Regan Smith Becomes First Woman to Go 49-Point in 100 Fly & 100 Back

Regan Smith‘s Sunday evening American Record in the 100 yard backstroke and second-fastest-all-time swim in the 200 yard butterfly were the undeniable history-makers among her 8 swims this weekend.

But her 100 fly best time of 49.88, which makes her *just* the 7th-best performer in history, actually made history of its own. That swim makes the 19-year old Smith the only woman in history to swim faster than 50 seconds in both the 100 fly and 100 back in short course yards.

Sub-50 Second Swimmers, 100 Yard Fly

  1. Maggie MacNeil/Louise Hansson – 49.26
  2. Erika Brown – 49.38
  3. Kelsi Dahlia (Worrell) – 49.43
  4. Claire Curzan – 49.51
  5. Kate Douglass – 49.73
  6. Regan Smith – 49.88
  7. Torri Huske – 49.95
  8. Katie McLoughlin – 49.97

Sub-50 Second Swimmers, 100 Yard Back

  1. Regan Smith – 49.16
  2. Beata Nelson – 49.18
  3. Ally Howe – 49.69
  4. Kathleen Baker – 49.80
  5. Janet Hu – 49.93
  6. Natalie Coughlin – 49.97

The closest anybody has ever come to the double sub-50 before is Natalie Coughlin, who is the former American Record holder in both the 100 yard back and the 100 yard fly. In 2002, Coughlin swam 49.97 in the 100 yard back and 50.01 in the 100 yard fly on the same day at the NCAA Championships.

Coughlin, of course, was a revolutionary in her time. She was the first swimmer to ever break several thresholds, though she didn’t get under the 50 second mark in the 100 fly. She was the first woman under 51 seconds in both races, and she was the first woman ever under 1 minute in the 100 back in long course.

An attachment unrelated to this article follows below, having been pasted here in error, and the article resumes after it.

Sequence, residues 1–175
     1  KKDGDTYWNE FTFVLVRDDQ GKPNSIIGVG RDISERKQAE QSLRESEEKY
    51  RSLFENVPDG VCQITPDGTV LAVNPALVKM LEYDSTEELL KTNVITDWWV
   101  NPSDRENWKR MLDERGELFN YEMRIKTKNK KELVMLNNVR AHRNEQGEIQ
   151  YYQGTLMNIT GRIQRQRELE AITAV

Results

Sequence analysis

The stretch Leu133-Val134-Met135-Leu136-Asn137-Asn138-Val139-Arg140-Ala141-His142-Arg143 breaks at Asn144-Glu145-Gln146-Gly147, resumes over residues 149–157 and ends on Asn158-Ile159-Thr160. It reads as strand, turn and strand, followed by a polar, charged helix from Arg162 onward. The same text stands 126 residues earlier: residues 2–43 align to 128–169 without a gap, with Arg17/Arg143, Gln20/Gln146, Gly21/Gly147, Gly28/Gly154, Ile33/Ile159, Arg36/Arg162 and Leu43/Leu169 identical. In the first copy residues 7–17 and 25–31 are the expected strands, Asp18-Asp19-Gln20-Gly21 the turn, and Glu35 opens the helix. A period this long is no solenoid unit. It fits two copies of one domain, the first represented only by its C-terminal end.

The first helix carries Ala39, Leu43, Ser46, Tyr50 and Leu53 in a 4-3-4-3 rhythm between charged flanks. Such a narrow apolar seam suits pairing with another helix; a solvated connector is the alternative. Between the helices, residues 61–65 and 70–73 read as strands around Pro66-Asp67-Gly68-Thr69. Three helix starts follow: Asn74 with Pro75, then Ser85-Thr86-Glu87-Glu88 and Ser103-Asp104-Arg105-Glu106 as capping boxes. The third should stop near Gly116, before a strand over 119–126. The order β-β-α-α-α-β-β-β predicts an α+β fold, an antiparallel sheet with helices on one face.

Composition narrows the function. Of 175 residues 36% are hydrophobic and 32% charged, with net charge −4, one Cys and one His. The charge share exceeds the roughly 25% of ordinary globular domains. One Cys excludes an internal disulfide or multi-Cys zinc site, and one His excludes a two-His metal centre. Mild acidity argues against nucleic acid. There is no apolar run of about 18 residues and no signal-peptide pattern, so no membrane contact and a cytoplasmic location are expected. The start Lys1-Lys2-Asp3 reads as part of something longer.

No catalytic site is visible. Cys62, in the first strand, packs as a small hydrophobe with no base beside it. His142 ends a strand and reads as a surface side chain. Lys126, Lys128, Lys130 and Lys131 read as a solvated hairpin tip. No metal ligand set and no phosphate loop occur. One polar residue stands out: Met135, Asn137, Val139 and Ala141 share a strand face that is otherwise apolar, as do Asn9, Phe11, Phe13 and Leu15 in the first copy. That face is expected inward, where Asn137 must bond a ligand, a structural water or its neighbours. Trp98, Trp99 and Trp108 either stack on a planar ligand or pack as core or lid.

A handful of other swimmers have been sub-51 in both races.

Sub-51 Club, 100 Yard Fly + 100 Yard Back

Of that group, only Smith and current 16-year old Claire Curzan (49.51 fly/50.03 back) accomplished the feat before beginning their NCAA careers. Curzan is likely the next swimmer who will join this group, having gone a best time in the 100 back of 50.03 last week.

Smith has also been under 1:50 in both the 200 yard backstroke (1:47.16) and 200 yard fly (1:49.78). She is only the 3rd woman to ever go sub-1:50 in the 200 fly, joining Ella Eastin (1:49.51) and Elaine Breeden (1:49.92), while 24 women have been under 1:50 in the 200 back.

Ella Eastin, the record-holder in the 200 fly, has also been sub-1:50 in the 200 back (1:48.53), so Smith is not the first to accomplish that.

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100flyer
6 months ago

Coughlin is also the first woman to go under 59 seconds in th 100 back LC. LEGEND

tea rex
6 months ago

Huge accomplishment. Going to be fun to see what she does this summer and in NCAA, presumably training with Ruck, Huske, and both Nordmans.

Fun note on Coughlin: she was also the first swimmer to break 52 in 100 back. She went 49.9 before anyone else broke 52.

jim
Reply to  tea rex
6 months ago

This I think is what made Natalie’s times (during her time) so incredible. Nobody was under 52 100 back, and she goes a 49. She was the ‘Adam Peaty’ of her time vs the field, at least in short course 100 back yards.